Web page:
What is needed is a device for mechanically cleaning a magnetic recording head. The device should scrub the head uniformly to prevent uneven wearing. The device must also remove debris from head bleed slots. Furthermore, a means must be provided to remove any static electricity that may result from cleaning to prevent damage to tape deck electronics.
It is an object of the present invention to provide a device that can be inserted into a tape deck for the purpose of cleaning a magnetic recording head.
Another object of the present invention is to clean a recording head in a uniform manner.
Still another object of the present invention is to remove brown stain and decaying tape debris from a recording head.
Yet another object of the present invention is to clean bleed slots in the recording head that run perpendicular to the tape direction.
A further object of the present invention is to provide a cost effective means of cleaning recording heads.
A still further object of the present invention is to use existing cartridge shell designs to implement a recording head cleaning device.
Yet a further object of the present invention is to properly ground cleaning elements and drive mechanisms such that static electricity cannot build up and damage electronics within the tape deck.
In carrying out the above objects and other objects and features of the present invention, a cartridge for cleaning a recording head in a tape deck is presented. The recording head can read from or write to tape moving across the recording head in a tape direction. The tape deck has a driving hub for advancing the tape. The cartridge includes a housing and a driven hub within the housing for rotatively coupling to the driving hub. At least one brush assembly is rotatively mounted within the housing, each brush assembly having at least one brush, and each brush assembly rotating about an axis parallel to the tape direction. A means within the housing transfers rotation from the driven hub to each brush assembly. If the cartridge is inserted in the tape deck and the driving hub is rotated, each brush is periodically rotated into contact with the recording head with a sweeping movement perpendicular to the tape direction.
In one embodiment of the present invention, each rotating brush assembly and the means for transferring rotation are operable to transfer static electricity away from the recording head.
In another embodiment of the present invention, there are two rotating brush assemblies, a first rotating brush assembly and a second rotating brush assembly, the second brush assembly is located above the first rotating brush assembly and is operative to rotate in an opposite direction than the first rotating brush assembly.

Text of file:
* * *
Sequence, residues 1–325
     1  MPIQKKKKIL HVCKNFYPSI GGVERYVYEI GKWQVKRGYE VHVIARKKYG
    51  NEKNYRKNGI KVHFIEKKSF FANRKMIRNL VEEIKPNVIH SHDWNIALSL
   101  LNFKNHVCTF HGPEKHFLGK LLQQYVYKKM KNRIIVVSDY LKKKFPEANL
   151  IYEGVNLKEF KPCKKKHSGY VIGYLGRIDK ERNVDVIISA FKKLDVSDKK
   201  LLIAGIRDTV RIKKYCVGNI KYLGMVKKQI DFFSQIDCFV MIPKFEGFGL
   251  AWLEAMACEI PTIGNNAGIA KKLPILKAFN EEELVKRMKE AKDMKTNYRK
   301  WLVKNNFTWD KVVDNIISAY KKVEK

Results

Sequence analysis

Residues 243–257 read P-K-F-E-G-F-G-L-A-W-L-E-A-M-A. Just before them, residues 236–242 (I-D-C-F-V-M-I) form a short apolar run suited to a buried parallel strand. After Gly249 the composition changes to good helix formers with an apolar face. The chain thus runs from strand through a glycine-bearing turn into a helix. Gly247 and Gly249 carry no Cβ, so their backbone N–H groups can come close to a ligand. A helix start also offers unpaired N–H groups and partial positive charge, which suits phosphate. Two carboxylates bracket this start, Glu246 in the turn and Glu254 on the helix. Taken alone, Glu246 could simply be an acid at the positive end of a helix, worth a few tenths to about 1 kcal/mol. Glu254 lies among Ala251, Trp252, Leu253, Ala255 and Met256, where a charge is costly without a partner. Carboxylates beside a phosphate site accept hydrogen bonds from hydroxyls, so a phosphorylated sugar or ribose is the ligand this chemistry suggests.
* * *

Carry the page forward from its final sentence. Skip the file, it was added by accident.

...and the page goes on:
In still another embodiment of the present invention, each brush assembly includes a brush, a shaft about which the brush rotates, and a means for attaching the brush to the shaft. In yet another embodiment, the brush includes a housing channel attached to the means for attaching the brush to the shaft and a plurality of filaments attached to the housing channel so as to extend generally radially from the shaft. In a further embodiment, the filaments are nylon with carbon suffused into the surface.
The above objects and other objects, features, and advantages of the present invention are readily apparent from the following detailed description of the best mode for carrying out the invention when taken in connection with the accompanying drawings.
FIG. 1a is a perspective view of a loader mechanism with a cleaning cartridge according to the present invention;
FIG. 1b is a detailed view of the loader mechanism of FIG. 1a illustrating the recording head assembly area;
FIG. 2 is an exploded perspective view of an embodiment of a cleaning cartridge according to the present invention;
FIG. 3 is an exploded view of an embodiment of a spur and helical gear combination for use in the present invention; and
FIG. 4a through 4c are views of an embodiment of a brush for use in the present invention.
Referring now to FIG. 1a, a perspective view of a loader mechanism with a cleaning cartridge according to the present invention is shown. Loader mechanism 20 is part of a tape deck, the remainder of which has not been shown for clarity. Loader mechanism 20 accepts tape cartridges for recording and playback. Cleaning cartridge 22 is shown fully inserted into loader mechanism 20. Loader mechanism 20 is operative to allow cleaning cartridge 22 to come into contact with elements of the tape deck requiring cleaning.